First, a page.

In the late sixties and early seventies RCA produced nearly every vinyl record commercially produced in the US including those for other labels under licensing agreements. Also during this period alternative formats using tape became available. Previously recording tape had been used in studios for mastering albums with 1/2 inch 8-track and wider 1 or 2 inches multi-channel tapes the standard. With tape higher recording speeds meant higher fidelity and lower noise during playback. One-quarter inch tape was generally used in four channel decks. But large reels were not commercially viable for sale to anyone except the most extravagant and discerning audiophiles.
One-quarter inch Eight-track, single-spool tape loops were marketing for use in private jets and boats where playback of record was impractical due to motion and vibration.The system used four sets of stereo tracks. These devices made their way into automobiles beginning in the late 60’s. Though the playback quality was inferior to records due to hiss and track crosstalk the tapes were popular for their convenience and portability. Also 8-track recorders were sold that allowed people to make their own recordings of their favorite music for playback in their car.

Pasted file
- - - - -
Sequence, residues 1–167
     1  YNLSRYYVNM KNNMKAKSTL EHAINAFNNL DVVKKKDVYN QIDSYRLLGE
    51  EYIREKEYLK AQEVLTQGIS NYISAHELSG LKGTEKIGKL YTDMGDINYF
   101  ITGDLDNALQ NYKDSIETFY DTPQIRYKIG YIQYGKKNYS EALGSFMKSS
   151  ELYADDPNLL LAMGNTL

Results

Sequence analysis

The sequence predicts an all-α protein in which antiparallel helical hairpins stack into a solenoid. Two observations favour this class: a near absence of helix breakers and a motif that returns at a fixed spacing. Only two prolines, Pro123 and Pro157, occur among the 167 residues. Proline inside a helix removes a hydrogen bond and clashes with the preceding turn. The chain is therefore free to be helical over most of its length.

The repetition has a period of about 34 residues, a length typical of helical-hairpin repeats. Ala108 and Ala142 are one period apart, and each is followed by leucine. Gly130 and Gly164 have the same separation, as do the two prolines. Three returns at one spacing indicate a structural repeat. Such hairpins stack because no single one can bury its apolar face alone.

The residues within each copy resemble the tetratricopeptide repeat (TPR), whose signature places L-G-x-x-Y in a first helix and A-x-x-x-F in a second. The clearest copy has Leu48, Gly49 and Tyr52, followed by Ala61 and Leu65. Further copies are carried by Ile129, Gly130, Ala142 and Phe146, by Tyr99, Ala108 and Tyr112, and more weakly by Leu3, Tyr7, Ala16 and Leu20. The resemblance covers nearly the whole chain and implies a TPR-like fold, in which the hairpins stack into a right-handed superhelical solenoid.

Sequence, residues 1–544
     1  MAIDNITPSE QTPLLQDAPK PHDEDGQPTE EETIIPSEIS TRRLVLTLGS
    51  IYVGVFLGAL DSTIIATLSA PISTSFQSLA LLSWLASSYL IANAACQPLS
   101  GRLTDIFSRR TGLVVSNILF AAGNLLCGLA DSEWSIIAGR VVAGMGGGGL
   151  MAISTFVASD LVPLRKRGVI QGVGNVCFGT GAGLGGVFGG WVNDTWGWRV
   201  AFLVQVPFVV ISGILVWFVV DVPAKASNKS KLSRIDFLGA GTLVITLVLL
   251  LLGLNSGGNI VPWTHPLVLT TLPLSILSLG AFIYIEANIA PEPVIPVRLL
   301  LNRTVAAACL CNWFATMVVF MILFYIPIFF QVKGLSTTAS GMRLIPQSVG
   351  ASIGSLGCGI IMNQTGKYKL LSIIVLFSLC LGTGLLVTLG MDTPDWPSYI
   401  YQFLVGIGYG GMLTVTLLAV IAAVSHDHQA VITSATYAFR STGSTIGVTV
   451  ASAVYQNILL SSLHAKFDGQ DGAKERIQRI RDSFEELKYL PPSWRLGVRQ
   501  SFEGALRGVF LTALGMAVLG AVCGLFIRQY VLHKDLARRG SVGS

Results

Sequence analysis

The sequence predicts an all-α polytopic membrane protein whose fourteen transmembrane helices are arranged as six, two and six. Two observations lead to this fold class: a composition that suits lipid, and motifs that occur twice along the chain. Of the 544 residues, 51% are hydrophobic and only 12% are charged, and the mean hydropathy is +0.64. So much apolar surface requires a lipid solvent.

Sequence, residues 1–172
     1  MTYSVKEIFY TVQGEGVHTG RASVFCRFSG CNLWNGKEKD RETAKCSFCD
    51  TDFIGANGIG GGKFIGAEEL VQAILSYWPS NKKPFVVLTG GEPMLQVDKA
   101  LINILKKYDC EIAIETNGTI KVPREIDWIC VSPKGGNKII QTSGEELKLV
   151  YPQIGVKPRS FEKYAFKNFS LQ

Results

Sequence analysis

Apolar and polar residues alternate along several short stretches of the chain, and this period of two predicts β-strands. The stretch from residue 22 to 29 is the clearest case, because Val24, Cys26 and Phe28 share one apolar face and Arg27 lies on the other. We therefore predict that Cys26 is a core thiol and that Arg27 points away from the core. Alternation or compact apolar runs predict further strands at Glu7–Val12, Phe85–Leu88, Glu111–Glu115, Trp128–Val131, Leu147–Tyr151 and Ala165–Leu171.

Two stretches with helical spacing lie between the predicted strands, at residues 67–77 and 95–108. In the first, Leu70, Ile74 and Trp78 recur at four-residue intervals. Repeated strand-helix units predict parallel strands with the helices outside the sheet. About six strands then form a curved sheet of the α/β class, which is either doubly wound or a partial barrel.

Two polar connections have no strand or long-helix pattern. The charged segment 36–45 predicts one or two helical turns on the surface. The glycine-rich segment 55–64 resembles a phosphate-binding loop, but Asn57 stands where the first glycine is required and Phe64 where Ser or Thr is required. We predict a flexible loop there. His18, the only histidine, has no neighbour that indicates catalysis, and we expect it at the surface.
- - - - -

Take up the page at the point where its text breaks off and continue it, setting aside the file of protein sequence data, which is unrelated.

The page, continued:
The first attempts to release cassette tapes as an alternative to the 8-track were not successful due to higher tape hiss and lower sound quality. However, with the introduction of Dolby processing the hiss was significantly reduced and assets became a popular recording format, though primarily for audio enthusiasts recording their now mix tapes for traveling or playing at parties.